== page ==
Seriously Homemade Pasta Sauce


My backyard tomato plant overfloweth with fruit, and apparently so did my neighbor's, which is why he gifted me with a bucket full of his own organically grown produce. Needless to say, my refrigerator overfloweth with tomatoes! Yes, we eat a lot of salads, but not enough to warrant the storing of 40 red juicy tomatoes that weren't going to last as long as it would take for me to use them all. Hmm, what to do, what to do...

Homemade Pasta Sauce!

After putting the best ones aside for salads and sandwiches,and throwing away a few that just couldn't hold on any longer... we began the process with about 30 small to medium sized tomatoes. We (The Princess and I) washed them and sliced little Xs into the top. The Xs help the skin to peel during the blanching process.

a portion of the tomato harvest
A few at a time, tomatoes were added to a pot of rapidly boiling water for ten to fifteen seconds, and then immediately immersed in a bowl of icy water. WOW! I had never seen a tomato skin practically peel itself from its body before. It was amazing. Of course, I did have to help them along and peel them, like grapes.

peeled tomatoes look like peeled grapes

Once they are peeled, then begins the painstaking process of slicing them and removing the tough core, all of the jellylike seed clusters, leaving nothing but the red "meat" of the tomato. When the tomatoes were as ready as they were ever going to be, we started the sauce.

Five diced garlic cloves and two small diced onions went into a large pot along with two tablespoons of olive oil. They sauteed over medium heat until the onions were translucent and glassy... and the kitchen was filled with tear inducing garlic and onion fumes! Princess actually had to leave the room, but I enjoyed having my house smell like I had just walked into The Olive Garden.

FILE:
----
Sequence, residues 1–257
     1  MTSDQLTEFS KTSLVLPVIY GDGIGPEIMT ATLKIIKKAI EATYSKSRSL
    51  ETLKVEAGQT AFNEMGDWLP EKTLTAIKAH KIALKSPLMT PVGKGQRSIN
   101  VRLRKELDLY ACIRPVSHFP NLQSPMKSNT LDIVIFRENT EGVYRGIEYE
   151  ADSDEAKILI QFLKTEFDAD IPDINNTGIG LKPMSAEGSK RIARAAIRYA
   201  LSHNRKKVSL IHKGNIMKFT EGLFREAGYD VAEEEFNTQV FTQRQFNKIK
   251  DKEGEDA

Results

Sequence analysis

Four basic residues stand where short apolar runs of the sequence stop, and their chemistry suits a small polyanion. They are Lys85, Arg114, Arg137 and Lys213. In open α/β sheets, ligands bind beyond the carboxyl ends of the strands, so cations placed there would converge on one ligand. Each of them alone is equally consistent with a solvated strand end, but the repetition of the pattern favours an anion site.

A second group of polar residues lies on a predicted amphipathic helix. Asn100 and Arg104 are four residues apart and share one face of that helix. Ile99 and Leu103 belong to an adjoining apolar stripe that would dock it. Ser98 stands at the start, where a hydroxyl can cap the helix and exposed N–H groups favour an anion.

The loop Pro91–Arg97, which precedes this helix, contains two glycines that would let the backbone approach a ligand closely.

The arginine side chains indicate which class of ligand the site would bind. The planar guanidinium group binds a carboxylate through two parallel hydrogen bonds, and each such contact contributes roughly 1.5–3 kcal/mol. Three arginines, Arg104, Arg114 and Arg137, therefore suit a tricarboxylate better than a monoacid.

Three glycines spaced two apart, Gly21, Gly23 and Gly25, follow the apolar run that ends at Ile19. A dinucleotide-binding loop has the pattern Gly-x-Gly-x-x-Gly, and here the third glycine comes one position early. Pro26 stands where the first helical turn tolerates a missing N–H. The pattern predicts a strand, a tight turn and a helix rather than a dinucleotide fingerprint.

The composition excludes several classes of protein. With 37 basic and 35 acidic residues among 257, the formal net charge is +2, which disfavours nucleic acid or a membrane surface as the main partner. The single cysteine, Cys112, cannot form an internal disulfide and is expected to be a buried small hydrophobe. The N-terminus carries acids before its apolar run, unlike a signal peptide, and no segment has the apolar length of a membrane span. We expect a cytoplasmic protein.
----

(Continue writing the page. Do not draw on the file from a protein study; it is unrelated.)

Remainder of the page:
Then the tomato meat went in, along with about 3 tablespoons of dried basil, 2 tablespoons of dried oregano (that was fresh from my garden and home dried), 2 bay leaves, and a teaspoon of salt (we keep our salt intake low).

"simmer down now"
I covered the pot and it simmered on a low heat for hours and hours. Three and a half of them to be exact. I watched those tomato chunks soften up and release water and oils to actually create a saucy consistency. I also watched a third of the volume simmer away. No wonder you need so many tomatoes to make just one jar of sauce.

In the end, we had a very chunky pasta sauce. I was told that I could throw it into the blender to puree it smooth, but I actually liked the chunkiness. It was sweet too! I don't know how it became so sweet without adding any sugar, but it tasted like I had. When it cooled, I put it into a container and into the fridge. Two days later we made lasagna!

Just for a little more volume, I added a small can of unseasoned tomato sauce when making the lasagna, only because I needed a more saucy sauce for the lasagna. If I were just going to pour it over pasta, I would have left it exactly the way it was.

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